M/S Oslofjord and Evgenia Chandris Wreck Dive

I finished my Advanced Open Water PADI Course with one of the most interesting dives so far- and one of the coldest. Diving in the North Sea is never warm, exactly, but meandering about in murky water on a shivery summer evening in rather choppy water can make you regret your choice of location- until, that is, you finally catch a glimpse of the secrets that this sea has to offer. Beneath the bottle-green waves lie two WWII wrecks; the M/S Oslofjord, a 16,000 ton passenger liner and the Evgenia Chandris, a Greek steam cargoship. It is hard to judge their size from their mangled remains, especially in the gloom of the half lit waters, but both were vessels of sheer enormity in their heyday, and both came to unfortunate ends of the coast of the South Shields port. 


The Spellbinder picked us up at the port and we set off through the gaping mouth of the Tyne and into open water. As we geared up and approached the dive site, I was filled with apprehension- I had no idea what to expect from this site, having never explored a wreck before. I had images flashing through my mind of scenes in horror films involving abandoned ships filled with sea monsters and eerie creatures of the deep- plus, I was surrounded by pretty experienced divers who were all obviously a lot more proficient than me! Nevertheless, I managed to summon the courage for my giant stride into the frigid waters. On surfacing, I struggled to stay completely calm; the shock of my sudden plunge into what felt like a turbulent bucket of ice mixed with my uneasiness of what lay below meant I had to concentrate on not allowing myself to hyperventilate and to calmly manoeuvre my way towards the buoy marking the entrance to the wreck site. 

We descended slowly down the line into the darkness. After my eyes became accustomed to the dim light, I immediately became more confident and felt a sense of excitement and eagerness to start our exploration of the site. We set off in our buddy pairs and meandered out way around the mangled wrecks, eyes peeled for any treasures lurking in the shadows. I had been told of toy soldiers and china horses waiting to be discovered, but this time I wasn’t so lucky; however, it was an amazing sight to see shells strewn over the scattered remains of what had once been two mighty ships.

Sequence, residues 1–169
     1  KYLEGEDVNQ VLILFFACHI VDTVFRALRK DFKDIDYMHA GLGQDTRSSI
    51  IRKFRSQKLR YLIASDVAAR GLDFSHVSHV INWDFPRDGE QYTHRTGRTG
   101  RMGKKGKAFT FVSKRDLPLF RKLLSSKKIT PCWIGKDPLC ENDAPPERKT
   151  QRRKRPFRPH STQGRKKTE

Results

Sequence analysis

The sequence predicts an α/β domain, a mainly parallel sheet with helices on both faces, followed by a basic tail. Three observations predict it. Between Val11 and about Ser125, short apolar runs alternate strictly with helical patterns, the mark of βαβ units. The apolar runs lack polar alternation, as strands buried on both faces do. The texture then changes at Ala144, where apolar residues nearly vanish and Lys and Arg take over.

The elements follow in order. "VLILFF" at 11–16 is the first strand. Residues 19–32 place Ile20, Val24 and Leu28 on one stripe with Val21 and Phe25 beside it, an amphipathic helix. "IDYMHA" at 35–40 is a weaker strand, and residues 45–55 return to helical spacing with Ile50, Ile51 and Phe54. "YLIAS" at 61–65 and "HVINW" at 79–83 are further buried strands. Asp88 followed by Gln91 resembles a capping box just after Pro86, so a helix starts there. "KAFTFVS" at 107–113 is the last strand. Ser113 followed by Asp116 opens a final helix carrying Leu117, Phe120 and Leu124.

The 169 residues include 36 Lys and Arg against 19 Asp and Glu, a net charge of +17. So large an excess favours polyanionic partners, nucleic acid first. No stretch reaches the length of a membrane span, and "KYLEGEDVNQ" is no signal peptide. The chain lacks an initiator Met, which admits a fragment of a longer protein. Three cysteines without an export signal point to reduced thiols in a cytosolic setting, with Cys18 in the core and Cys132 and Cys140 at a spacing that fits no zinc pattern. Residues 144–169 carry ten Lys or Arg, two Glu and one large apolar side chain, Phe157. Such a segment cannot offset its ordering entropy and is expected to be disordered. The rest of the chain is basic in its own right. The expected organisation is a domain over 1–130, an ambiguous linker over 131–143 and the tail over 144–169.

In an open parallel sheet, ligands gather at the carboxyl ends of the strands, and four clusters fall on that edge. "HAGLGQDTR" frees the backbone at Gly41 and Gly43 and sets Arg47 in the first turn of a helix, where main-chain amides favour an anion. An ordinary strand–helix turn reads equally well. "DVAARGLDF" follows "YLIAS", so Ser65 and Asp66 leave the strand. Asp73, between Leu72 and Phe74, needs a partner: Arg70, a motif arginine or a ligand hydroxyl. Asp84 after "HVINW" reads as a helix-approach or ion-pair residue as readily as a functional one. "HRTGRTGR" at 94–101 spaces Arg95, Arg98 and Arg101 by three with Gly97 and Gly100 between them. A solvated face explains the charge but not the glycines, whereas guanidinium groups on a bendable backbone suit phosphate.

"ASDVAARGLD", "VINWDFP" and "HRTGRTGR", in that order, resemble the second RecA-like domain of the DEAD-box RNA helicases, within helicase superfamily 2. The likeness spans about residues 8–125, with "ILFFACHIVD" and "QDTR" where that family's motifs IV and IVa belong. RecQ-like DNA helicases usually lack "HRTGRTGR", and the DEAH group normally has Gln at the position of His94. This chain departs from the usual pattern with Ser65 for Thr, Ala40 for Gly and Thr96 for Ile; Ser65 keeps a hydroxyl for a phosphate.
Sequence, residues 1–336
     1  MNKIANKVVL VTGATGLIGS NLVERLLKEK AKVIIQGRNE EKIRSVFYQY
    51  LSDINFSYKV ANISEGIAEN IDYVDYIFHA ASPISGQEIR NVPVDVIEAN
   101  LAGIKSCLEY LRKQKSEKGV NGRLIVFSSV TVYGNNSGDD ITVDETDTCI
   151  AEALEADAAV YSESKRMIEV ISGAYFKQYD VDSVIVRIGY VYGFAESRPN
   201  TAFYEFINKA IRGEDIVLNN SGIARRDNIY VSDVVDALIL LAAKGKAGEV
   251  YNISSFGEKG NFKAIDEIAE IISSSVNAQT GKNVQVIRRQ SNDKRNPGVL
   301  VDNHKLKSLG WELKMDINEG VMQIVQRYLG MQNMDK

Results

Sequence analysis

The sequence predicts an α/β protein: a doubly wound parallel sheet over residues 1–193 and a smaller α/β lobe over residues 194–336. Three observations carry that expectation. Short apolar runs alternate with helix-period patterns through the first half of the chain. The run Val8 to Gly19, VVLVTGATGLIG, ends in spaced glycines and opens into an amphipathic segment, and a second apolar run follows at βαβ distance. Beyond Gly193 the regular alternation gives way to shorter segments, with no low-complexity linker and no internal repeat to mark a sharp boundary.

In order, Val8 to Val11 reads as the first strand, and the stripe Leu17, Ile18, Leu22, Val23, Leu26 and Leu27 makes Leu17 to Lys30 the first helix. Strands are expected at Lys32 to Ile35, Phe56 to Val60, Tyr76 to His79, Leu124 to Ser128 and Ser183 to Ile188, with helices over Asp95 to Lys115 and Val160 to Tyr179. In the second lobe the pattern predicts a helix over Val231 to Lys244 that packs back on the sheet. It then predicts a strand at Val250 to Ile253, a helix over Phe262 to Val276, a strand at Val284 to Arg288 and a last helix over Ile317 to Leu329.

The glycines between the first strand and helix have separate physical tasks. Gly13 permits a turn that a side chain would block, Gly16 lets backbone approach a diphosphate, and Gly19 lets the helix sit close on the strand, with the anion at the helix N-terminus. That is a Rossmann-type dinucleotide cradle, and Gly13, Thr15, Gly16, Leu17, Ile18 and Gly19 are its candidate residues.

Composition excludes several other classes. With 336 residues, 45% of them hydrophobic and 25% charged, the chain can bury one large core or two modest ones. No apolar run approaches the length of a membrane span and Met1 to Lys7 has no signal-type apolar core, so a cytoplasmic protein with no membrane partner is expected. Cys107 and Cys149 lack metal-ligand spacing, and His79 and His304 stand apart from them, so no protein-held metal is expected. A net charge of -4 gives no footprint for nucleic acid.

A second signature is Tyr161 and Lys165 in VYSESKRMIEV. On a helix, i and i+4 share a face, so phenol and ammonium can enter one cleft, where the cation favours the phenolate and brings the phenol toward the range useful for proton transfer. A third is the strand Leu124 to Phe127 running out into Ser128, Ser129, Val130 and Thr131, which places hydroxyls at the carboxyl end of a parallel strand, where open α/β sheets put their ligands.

There wasn’t an awful lot of wildlife that I could see, but I did see my first red lobster peering up at us from underneath a sheet of rusted metal, and a few fish flitting in and out of the ships’ compartments. I was rather startled at one point when I discovered a large Lion’s man jellyfish floating silently just by my right shoulder, and I quickly signalled for my buddies to examine it. It was a marvellously comical sight when we gently blew it towards using a free-flowing reg to keep it out of harm’s way- and to prevent it from establishing its sharp sting on an unwitting diver…

It was an eerily beautiful sight to see the orange, pink and white plumose anemones smothering parts of the wreck- it was almost as if we had strayed into some derelict underwater garden. 

I practised my navigation skills (which are still rather rudimentary, much as I try!) before I realised that I had started to shiver despite wearing pretty heavy duty wetsuits, so we turned the dive and weaved our way through the wrecks to our exit point.

All in all, this was an extremely exciting dive which allowed me to gain more experience in less comfortable conditions, and to meet other diver from whom I can no doubt learn from. 

Site information: History of the wrecks

The Oslofjord, accompanied by the destroyer Vimy, struck a mine on December 1st, 1940. Whilst this did not initially cause her to sink, it did cause significant flooding of the starboard side, and an order to prevent her being towed into he port was issued due to the fear that she would obstruct the passage of less injured vessels. She was soon beached and abandoned by her crew, including the captain who had been ferried to hospital with crushed vertebrae as a result of the explosion. 


Source: Norwegian America Fleet Line list

The Evgenia Chandris collided with the steamer Exmouth, and was then victim to the beached Oslofjord on March 13th 1943. Estimates say that she carried 4874 drums of Trichloroethylene and 573 cases of ordinance, copper and aluminium ingots. salvage work in 1990 cleared much of the remaining cargo and confirmed the wreck site of the two ships. 

This dive was organised by Aquanorth Diving Centre, and transport was the dive boat Spellbinder. 

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